Unrest in the DRC

December 10, 2012 • Democratic Republic of the Congo

Samaritan’s Purse is meeting immediate needs of people displaced by fighting in the Democratic Republic of Congo

Escalating violence in the Democratic Republic of Congo is creating a humanitarian crisis as tens of thousands of people are being forced from their homes.

In Goma, more than 140,000 people have been displaced in the past few weeks. That number doesn’t include those who have fled to Uganda and other surrounding countries. As the unrest grows, more people are fleeing to safety.

“It’s a huge humanitarian crisis,” said Aaron Wolcott, Samaritan’s Purse country director. “One of our partners told us today that there’s one camp in Goma where they’ve received no materials yet, and it’s the rainy season. So people are living in open air in very difficult situations.”

Samaritan’s Purse is responding to the needs of displaced people by working through partners in Goma and other areas to provide supplies. We are learning daily of new needs.

“We’re trying to get assistance to the displaced people as quickly as possible in the form of tarps, blankets, pots and pans and stuff like that, and then also WASH, if we can,” Wolcott said.

WASH, which stands for water, sanitation, and hygiene, is an immediate need in camps full of hungry and thirsty displaced people. It is crucial to provide clean water and introduce good hygiene practices to avoid illness and disease among such a large group of people living in close quarters. Basic healthcare is also an important necessity in the situation.

“The other major immediate need is for people who have been sexually assaulted,” Wolcott said. “The Congolese military and the rebels use rape as a weapon of war to demoralize people. One of our partners today told us that they’ve set up some clinics in the camps already to try to treat people who have been sexually assaulted.”

A group called M23 has caused most of the recent unrest, but factions of rebels across the region are creating problems for civilians. As M23 captured Goma almost three weeks ago, other groups started riots in Bunia and other areas. Samaritan’s Purse expatriate staff members, who are based in Bunia, were evacuated. The rebel group has since withdrawn and Samaritan’s Purse staff returned to continue meeting needs.

One of the biggest concerns is that the rebels groups will unite together, causing riots that would inevitably lead to more instability and insecurity. Many people feel neglected by the government. M23 claims to want to implement a failed peace agreement from 2009. These disappointments provide ample opportunities for people to start rebellions.

Civilians caught in the crossfire

The harsh reality is that civilians are caught in the middle of a fight that should be between the rebel groups and the government. As the groups refuse to compromise, the situation is growing worse for people who are simply trying to live. One of our partners reported that a choral group practicing at a local church had a grenade thrown at them, and four people were injured.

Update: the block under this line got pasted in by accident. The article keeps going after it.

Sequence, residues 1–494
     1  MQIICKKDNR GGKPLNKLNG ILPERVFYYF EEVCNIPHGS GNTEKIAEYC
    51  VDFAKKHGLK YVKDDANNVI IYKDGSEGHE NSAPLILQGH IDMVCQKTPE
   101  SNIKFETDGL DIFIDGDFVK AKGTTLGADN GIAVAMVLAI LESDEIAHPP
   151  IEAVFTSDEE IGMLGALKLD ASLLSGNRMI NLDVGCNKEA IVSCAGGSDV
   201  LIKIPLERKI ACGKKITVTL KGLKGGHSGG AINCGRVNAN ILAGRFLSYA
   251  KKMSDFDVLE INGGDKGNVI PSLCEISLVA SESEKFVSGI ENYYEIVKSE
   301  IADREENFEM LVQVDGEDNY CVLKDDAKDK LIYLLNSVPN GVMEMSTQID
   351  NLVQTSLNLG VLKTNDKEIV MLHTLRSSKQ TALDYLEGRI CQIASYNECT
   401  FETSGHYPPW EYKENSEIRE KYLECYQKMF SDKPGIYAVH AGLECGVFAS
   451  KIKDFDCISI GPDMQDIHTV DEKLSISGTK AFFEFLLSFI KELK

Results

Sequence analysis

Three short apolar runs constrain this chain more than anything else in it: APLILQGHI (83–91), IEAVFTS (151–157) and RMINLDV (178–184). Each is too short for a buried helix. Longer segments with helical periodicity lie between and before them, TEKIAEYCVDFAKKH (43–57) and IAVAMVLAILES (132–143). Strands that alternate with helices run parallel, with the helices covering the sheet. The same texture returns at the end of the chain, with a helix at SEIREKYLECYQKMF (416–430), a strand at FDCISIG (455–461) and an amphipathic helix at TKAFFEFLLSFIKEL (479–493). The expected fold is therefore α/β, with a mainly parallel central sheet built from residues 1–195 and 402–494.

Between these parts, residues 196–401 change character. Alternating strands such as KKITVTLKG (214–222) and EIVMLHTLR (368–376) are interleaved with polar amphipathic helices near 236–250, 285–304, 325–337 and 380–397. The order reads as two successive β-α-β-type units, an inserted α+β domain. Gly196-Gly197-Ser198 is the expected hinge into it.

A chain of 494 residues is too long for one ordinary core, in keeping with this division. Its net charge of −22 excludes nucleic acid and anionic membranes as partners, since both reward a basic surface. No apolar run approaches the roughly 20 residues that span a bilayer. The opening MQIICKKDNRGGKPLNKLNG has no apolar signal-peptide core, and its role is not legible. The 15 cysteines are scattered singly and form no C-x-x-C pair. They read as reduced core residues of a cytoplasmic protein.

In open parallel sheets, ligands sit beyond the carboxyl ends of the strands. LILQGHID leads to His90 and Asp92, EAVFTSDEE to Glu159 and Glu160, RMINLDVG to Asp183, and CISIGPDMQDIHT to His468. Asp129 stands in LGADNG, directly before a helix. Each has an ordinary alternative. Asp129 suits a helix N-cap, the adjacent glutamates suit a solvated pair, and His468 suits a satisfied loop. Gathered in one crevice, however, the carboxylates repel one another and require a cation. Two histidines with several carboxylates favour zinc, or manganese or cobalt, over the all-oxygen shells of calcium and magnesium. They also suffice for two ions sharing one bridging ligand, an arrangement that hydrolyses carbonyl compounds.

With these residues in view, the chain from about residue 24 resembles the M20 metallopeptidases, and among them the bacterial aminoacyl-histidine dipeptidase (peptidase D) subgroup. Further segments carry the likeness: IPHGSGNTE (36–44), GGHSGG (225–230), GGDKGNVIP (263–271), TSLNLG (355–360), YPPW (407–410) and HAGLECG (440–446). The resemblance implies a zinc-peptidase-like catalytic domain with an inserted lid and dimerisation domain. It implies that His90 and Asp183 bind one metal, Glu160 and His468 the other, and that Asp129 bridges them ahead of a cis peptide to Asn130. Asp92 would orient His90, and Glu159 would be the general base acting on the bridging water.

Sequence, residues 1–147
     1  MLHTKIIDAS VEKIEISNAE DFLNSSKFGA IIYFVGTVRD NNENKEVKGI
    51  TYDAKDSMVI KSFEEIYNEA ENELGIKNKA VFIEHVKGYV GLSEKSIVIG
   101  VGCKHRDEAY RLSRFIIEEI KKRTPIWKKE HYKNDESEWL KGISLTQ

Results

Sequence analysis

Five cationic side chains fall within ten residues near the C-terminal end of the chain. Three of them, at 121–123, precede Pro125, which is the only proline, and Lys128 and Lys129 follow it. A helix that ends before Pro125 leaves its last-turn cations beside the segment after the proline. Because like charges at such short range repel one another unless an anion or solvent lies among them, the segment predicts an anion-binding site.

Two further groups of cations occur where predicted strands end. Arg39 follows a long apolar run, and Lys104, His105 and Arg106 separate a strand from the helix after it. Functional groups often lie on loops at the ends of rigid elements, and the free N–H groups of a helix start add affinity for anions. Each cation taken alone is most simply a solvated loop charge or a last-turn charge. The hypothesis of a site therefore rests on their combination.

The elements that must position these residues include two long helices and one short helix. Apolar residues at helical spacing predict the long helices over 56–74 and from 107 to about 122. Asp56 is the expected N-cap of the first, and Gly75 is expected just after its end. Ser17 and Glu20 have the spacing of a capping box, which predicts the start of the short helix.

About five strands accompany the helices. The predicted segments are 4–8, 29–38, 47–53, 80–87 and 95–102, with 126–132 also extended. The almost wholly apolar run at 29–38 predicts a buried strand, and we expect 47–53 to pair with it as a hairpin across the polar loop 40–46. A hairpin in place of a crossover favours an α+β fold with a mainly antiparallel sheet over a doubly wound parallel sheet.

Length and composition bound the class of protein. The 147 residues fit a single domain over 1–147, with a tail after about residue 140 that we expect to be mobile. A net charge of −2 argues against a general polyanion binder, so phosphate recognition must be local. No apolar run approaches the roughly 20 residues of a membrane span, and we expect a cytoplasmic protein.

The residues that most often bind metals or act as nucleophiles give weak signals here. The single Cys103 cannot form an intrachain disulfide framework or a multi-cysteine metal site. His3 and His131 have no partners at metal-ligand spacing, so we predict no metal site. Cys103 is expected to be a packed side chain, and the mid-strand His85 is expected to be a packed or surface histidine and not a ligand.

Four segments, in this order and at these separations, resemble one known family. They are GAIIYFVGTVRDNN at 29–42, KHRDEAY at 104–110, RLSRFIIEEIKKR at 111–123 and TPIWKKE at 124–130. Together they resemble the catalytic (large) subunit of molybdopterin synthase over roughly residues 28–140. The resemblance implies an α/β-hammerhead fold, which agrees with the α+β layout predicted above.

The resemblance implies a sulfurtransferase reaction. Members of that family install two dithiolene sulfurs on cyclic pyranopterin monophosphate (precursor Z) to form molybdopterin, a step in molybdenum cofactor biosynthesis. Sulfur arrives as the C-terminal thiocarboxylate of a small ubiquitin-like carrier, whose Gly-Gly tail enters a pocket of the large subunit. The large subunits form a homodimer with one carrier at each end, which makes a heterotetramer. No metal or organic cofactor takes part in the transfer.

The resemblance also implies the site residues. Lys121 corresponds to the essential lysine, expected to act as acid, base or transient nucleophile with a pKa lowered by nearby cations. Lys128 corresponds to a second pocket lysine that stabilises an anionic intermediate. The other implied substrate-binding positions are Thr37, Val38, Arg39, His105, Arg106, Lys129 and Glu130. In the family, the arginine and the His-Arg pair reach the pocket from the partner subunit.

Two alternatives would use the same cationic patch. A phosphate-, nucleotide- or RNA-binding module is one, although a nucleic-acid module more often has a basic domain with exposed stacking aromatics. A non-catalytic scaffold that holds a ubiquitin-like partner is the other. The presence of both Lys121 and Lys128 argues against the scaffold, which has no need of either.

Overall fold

Although Bunia is north of the majority of the fighting, the city is not immune to the unrest. On the day that Goma was captured by the rebels, people in Bunia started rioting. One man who occasionally works at the Samaritan’s Purse base to do vehicle maintenance got caught in the crowd on his way home and was shot in the leg. He has been in the hospital since then, but the doctors are optimistic that he will be able to walk again.

The rioters also decided to pay a visit to Samaritan’s Purse. They had looted many homes in Bunia, and their next stop was our office. But when they arrived, many people in the group were against going inside.

“Our guards who were on duty at the time told us that when they got to our office, people in the group said, ‘No, we can’t attack Samaritan’s Purse because they helped us in the past, so we should leave them alone,’” Wolcott said. “I think it’s just a huge testimony to God’s goodness toward us but also a testimony that people do know about the work that we do and they appreciate the work that we do.”

As Wolcott and his team make plans on how they can have a bigger presence in the camps, they ask that we remember them in prayer.

“It’s a very complex situation, and it changes daily,” Wolcott said. “That makes it very hard. You don’t want to get caught in the middle of things, so we’re trying to help people but at the same time do it in a safe way. It’s very difficult to know sometimes exactly how to do that. I think the first thing would just be to pray for the needs but also the wisdom to know how to respond to the crisis.”

Wolcott also asked for prayer for the national staff. As men and women who have grown up in the DR Congo, many of them have been traumatized by the recent violence. They need strength to move forward.

Please also remember to pray for all Samaritan’s Purse projects in the DRC. Many of them are in regions that have not yet been affected by violence, and we pray that they will be able to continue serving the Congolese people without interruption by the spread of violence.